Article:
Here's What Happens To The Leftover Food From The Rachael Ray Show

Over the last 15 years, "The Rachael Ray Show" has featured a fair number of pretty delicious dishes. Despite having no formal culinary experience, Rachael Ray has taught her fans how to prepare everything from pulled pork sandwiches to Korean gochujang noodles, often in 30 minutes or less. But, after Rachael Ray has demonstrated to her show's audience and foodies at home how to replicate these recipes in their own kitchens, there is often lots of perfectly good food that has gone uneaten. 

Ray has no shortage of tips and tricks on how fans can make the most of leftovers in their own homes, such as turning excess bread into bread pudding, making tasty, healthy soup out of extra vegetables, and even offering suggestions on what to do with leftover coffee, per the Rachael Ray Show. But where do all of her delicious leftovers go after the show is over? Well, once filming ends, members of the cast and crew finally get a chance to enjoy the tasty creations. But even so, there are still sometimes more leftovers than even the employees can finish in one sitting.

The Rachael Ray Show donates their leftovers to City Harvest

According to The Daily Meal, insurance stipulations prohibit any of the studio audience members from sampling any of the meals that have been prepared on set, but luckily, that doesn't mean that all the extra food simply goes to waste. Instead, "The Rachael Ray Show" partners with City Harvest, a New York City-based non-profit organization whose mission is "to end hunger in communities throughout New York City ... through food rescue and distribution, education, and other practical, innovative solutions," according to their website.

City Harvest was founded back in 1982, when founding Executive Director Helen verDuin Palit asked the chef of a nearby restaurant if he would contribute his unused cooked potatoes — which normally got tossed in the trash — to the soup kitchen where she worked. The organization now serves over 1.5 million food-insecure New Yorkers and saves over 153 million pounds of food annually, per City Harvest.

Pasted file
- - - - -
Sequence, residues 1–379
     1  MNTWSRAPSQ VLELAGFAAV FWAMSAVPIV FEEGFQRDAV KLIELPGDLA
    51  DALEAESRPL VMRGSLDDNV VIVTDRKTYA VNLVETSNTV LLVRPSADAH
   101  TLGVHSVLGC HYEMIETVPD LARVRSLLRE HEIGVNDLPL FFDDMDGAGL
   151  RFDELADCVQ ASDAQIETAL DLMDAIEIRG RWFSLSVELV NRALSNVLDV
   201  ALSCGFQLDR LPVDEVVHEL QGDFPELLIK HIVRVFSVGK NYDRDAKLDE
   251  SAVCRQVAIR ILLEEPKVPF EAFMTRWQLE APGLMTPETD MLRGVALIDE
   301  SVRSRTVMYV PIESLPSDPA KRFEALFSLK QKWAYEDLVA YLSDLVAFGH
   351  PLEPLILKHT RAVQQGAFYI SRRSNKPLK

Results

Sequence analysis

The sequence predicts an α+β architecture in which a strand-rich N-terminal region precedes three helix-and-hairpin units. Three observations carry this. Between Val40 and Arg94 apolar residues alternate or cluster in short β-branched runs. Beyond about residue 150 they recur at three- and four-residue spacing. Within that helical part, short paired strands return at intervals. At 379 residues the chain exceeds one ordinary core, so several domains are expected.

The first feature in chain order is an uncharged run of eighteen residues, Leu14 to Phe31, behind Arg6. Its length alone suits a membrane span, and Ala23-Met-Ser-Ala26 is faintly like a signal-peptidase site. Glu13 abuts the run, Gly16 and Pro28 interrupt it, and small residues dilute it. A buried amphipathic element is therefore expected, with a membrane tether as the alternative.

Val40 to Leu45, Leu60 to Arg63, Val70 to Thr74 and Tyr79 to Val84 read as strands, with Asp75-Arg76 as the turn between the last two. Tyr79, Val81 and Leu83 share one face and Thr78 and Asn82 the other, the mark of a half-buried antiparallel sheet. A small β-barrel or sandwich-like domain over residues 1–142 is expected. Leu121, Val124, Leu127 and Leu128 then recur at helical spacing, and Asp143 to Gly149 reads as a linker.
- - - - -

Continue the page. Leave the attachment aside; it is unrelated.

City Harvest provides food assistance to New Yorkers in need

While Rachael Ray certainly has a lot of food she can regularly donate to City Harvest, just about any food business can donate their leftover food to the organization. They accept all food donations that have been prepared by a regulated or licensed restaurant, caterer, farm, or food business, as long as it has been maintained as a safe temperature, chilled or frozen before being picked up, and has not been plated or served. The organization even comes to the donor's building to pick up the food as-needed, and daily or weekly pick-ups can also be scheduled for those who regularly have over 100 pounds of food to contribute. 

But that's not all City Harvest does. They also run mobile markets to deliver free, fresh produce to thousands of New Yorkers, as well as run nutrition education programs, to ensure that all city residents have the knowledge and skills they need to prepare healthy, nutritious, and delicious meals for themselves and their families, completely free of charge (via City Harvest). The organization even has a disaster response arm, in which volunteers mobilize to provide food assistance to those in need after a citywide crisis, such as a natural disaster, financial crisis, or most recently the COVID-19 pandemic. If you would like to become more involved with City Harvest's mission, you can learn how to donate, fundraise, or volunteer at their website

Many other cooking shows also donate their leftover food to food banks and charitable organizations

"The Rachael Ray Show" is far from the only show to donate their leftovers to a worthy cause. Many other cooking and food competition shows also choose to contribute their food to food banks and other local charities. For example, Guy Fieri's exciting cooking competition "Guy's Grocery Games" ensures not a single bit of food that is used on the show goes to waste. According to Showbiz Cheat Sheet, all leftover food is donated to local food banks, the unused produce is composted, and anything else that remains is sent off to local farms where it is used as animal feed. 

Popular cooking shows in the UK like "The Great British Bake-off" and "MasterChef UK” also allow their crew members, staff, and hosts to enjoy the tasty goods, while Food Network's "Cupcake Wars" saves all the nonperishable ingredients for the next season, and donates the remaining cupcakes to charitable organizations, according to Spoon University

So while there is no doubt that Rachael Ray and many other cooking show hosts certainly use a lot of food in production, they give back quite a lot as well. While fans get to learn how to cook creative and tasty dishes, many nonprofit and charity organizations also get to enjoy the results of the hosts' deliciously crafted meals.